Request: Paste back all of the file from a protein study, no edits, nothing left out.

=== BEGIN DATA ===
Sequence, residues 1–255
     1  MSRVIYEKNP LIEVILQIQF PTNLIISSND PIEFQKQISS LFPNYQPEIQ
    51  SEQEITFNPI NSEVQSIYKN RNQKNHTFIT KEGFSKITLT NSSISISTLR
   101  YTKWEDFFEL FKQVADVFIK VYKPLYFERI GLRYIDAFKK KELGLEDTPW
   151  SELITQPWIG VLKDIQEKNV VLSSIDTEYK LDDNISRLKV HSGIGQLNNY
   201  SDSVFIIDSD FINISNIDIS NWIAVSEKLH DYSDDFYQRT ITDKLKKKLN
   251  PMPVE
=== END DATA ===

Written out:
Sequence, residues 1–255
     1  MSRVIYEKNP LIEVILQIQF PTNLIISSND PIEFQKQISS LFPNYQPEIQ
    51  SEQEITFNPI NSEVQSIYKN RNQKNHTFIT KEGFSKITLT NSSISISTLR
   101  YTKWEDFFEL FKQVADVFIK VYKPLYFERI GLRYIDAFKK KELGLEDTPW
   151  SELITQPWIG VLKDIQEKNV VLSSIDTEYK LDDNISRLKV HSGIGQLNNY
   201  SDSVFIIDSD FINISNIDIS NWIAVSEKLH DYSDDFYQRT ITDKLKKKLN
   251  PMPVE